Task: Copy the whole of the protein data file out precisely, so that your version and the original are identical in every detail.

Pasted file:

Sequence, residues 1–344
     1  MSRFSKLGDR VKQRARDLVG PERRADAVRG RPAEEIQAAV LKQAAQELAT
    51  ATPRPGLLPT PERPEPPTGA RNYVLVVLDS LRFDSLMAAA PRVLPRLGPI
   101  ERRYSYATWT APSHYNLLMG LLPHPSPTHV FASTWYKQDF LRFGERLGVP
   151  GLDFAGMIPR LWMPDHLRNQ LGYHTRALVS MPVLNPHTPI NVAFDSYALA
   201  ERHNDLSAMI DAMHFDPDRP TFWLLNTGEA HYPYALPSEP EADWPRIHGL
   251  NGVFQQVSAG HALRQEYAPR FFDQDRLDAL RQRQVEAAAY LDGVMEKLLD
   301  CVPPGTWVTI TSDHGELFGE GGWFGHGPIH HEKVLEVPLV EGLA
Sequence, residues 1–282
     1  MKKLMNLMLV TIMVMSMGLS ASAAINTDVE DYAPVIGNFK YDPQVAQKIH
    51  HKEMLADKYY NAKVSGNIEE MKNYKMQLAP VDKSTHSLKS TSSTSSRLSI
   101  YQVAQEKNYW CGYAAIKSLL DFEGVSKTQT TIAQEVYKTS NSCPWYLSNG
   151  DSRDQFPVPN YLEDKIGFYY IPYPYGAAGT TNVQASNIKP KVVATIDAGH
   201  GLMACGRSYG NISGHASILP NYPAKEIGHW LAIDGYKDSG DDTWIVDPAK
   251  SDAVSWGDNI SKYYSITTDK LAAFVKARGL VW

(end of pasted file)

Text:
Sequence, residues 1–344
     1  MSRFSKLGDR VKQRARDLVG PERRADAVRG RPAEEIQAAV LKQAAQELAT
    51  ATPRPGLLPT PERPEPPTGA RNYVLVVLDS LRFDSLMAAA PRVLPRLGPI
   101  ERRYSYATWT APSHYNLLMG LLPHPSPTHV FASTWYKQDF LRFGERLGVP
   151  GLDFAGMIPR LWMPDHLRNQ LGYHTRALVS MPVLNPHTPI NVAFDSYALA
   201  ERHNDLSAMI DAMHFDPDRP TFWLLNTGEA HYPYALPSEP EADWPRIHGL
   251  NGVFQQVSAG HALRQEYAPR FFDQDRLDAL RQRQVEAAAY LDGVMEKLLD
   301  CVPPGTWVTI TSDHGELFGE GGWFGHGPIH HEKVLEVPLV EGLA
Sequence, residues 1–282
     1  MKKLMNLMLV TIMVMSMGLS ASAAINTDVE DYAPVIGNFK YDPQVAQKIH
    51  HKEMLADKYY NAKVSGNIEE MKNYKMQLAP VDKSTHSLKS TSSTSSRLSI
   101  YQVAQEKNYW CGYAAIKSLL DFEGVSKTQT TIAQEVYKTS NSCPWYLSNG
   151  DSRDQFPVPN YLEDKIGFYY IPYPYGAAGT TNVQASNIKP KVVATIDAGH
   201  GLMACGRSYG NISGHASILP NYPAKEIGHW LAIDGYKDSG DDTWIVDPAK
   251  SDAVSWGDNI SKYYSITTDK LAAFVKARGL VW